Credit risk is risk that a borrower will fail to pay the debt. The risk is a primarily concern of the bank as it may lead to loss of principal and interest, disruption to cash flows, and increased collection costs.
The potential circumstances that contribute to the credit risk are:
- A borrower may fail to make a payment due on a mortgage loan, credit card, line of credit, or other loan
- A company is unable to repay asset-secured fixed or floating charge debt
- A business or consumer does not pay a trade invoice when due
- A business does not pay an employee’s earned wages when due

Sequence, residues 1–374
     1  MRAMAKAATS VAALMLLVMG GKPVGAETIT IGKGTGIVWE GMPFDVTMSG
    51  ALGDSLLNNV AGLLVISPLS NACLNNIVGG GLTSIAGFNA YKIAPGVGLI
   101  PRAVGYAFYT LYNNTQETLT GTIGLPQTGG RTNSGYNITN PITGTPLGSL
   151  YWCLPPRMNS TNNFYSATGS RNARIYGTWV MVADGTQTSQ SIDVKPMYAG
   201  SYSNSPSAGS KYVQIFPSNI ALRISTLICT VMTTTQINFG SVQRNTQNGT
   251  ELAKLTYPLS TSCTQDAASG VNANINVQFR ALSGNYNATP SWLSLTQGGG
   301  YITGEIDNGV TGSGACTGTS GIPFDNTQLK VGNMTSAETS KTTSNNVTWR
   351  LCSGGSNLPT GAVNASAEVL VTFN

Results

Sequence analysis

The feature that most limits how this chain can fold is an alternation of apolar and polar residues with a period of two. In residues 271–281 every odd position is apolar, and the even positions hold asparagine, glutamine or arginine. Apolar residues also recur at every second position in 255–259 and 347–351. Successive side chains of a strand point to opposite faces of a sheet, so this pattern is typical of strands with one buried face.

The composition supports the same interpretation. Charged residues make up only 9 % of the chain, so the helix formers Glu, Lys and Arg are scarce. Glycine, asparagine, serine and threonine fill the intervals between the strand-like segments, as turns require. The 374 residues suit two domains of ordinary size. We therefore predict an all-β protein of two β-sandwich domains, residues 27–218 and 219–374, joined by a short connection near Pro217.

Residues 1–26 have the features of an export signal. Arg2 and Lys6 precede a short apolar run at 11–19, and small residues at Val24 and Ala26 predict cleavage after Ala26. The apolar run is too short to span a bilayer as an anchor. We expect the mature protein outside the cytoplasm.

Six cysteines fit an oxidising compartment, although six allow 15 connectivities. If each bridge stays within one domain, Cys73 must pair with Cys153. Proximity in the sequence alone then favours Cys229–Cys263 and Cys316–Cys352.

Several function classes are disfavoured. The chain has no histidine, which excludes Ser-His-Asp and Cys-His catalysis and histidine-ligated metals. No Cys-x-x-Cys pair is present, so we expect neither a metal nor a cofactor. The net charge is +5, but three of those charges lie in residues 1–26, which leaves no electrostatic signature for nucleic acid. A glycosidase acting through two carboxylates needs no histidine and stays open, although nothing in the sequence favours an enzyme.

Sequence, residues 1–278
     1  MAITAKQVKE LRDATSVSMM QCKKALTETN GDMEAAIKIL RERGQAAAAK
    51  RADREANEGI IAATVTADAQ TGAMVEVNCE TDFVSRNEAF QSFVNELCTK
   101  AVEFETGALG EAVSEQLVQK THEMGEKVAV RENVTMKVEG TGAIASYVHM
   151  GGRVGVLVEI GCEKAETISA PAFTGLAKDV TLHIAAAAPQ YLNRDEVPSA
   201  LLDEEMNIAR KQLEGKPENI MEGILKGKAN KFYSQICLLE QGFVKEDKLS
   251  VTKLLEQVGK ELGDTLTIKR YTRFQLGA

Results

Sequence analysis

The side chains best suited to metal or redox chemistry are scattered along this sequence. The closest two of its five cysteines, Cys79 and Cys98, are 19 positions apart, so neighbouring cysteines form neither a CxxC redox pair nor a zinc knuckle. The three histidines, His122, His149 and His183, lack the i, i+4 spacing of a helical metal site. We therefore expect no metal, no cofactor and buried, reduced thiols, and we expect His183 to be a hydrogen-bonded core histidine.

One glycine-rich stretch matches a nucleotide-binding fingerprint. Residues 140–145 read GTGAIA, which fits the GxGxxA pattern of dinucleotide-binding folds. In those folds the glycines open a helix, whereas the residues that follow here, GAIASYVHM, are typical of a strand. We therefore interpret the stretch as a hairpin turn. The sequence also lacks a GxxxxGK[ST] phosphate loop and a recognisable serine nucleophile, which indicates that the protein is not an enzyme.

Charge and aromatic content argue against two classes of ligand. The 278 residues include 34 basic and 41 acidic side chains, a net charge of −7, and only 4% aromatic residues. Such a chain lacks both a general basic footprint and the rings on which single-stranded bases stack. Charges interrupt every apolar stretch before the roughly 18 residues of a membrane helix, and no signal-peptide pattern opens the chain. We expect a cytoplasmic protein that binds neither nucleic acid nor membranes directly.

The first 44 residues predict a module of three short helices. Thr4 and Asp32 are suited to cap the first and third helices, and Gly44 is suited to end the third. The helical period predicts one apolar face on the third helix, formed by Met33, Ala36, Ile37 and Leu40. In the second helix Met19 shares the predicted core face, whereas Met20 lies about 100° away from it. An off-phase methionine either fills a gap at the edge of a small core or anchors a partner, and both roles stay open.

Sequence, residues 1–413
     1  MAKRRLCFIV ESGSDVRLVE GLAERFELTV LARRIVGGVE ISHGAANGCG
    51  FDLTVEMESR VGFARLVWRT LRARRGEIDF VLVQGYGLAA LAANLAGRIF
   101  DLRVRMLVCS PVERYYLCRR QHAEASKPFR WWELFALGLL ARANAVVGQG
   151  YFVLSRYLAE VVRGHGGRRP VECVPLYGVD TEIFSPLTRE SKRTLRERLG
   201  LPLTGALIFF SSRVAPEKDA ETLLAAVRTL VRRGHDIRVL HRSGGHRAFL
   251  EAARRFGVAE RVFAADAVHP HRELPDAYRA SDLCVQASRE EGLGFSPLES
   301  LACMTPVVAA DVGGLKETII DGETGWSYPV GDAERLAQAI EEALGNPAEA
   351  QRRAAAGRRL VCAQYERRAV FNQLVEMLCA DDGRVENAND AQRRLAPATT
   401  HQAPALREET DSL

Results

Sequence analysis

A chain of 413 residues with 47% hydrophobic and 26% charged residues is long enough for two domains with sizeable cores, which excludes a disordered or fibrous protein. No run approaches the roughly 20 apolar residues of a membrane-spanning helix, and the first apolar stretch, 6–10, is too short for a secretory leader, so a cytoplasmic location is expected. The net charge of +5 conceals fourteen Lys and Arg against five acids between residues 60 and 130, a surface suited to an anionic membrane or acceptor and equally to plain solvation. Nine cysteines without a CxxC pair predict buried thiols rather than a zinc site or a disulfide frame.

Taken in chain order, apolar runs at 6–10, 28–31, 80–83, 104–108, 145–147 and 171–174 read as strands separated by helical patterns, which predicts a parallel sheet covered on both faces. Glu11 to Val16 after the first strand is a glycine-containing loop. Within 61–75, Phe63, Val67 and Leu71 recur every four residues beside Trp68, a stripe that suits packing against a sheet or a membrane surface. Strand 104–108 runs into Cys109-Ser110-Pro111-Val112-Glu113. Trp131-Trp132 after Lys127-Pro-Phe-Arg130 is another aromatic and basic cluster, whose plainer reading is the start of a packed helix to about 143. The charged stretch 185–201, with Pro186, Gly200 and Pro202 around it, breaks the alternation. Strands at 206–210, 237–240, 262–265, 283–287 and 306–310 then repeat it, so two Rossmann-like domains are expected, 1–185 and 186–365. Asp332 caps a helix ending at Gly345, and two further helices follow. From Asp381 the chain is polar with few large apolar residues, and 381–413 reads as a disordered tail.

- A business or government bond issuer does not make a payment on a coupon or principal payment when due
- An insolvent insurance company does not pay a policy obligation
- An insolvent bank won’t return funds to a depositor
- A government grants bankruptcy protection to an insolvent consumer or business
Credit risk from your bank’s point of view
The credit policy of banks is determined by their management or Board of Directors. All managers and employees in the credit system of the bank must follow certain credit policy and inform promptly on deviations from it. It should be noted that the credit policies of banks are local guidelines regarding:
- loan portfolio;
- size, structure and proportions of borrowed and leased by the Bank;
- the level of credit risk, the bank can take according to their reserves and as instructed by the Central Bank.
The management of the credit risk of commercial banks is an activity that depends on external conditions such as the guidelines of the Central Bank and the very structure of the loan portfolio.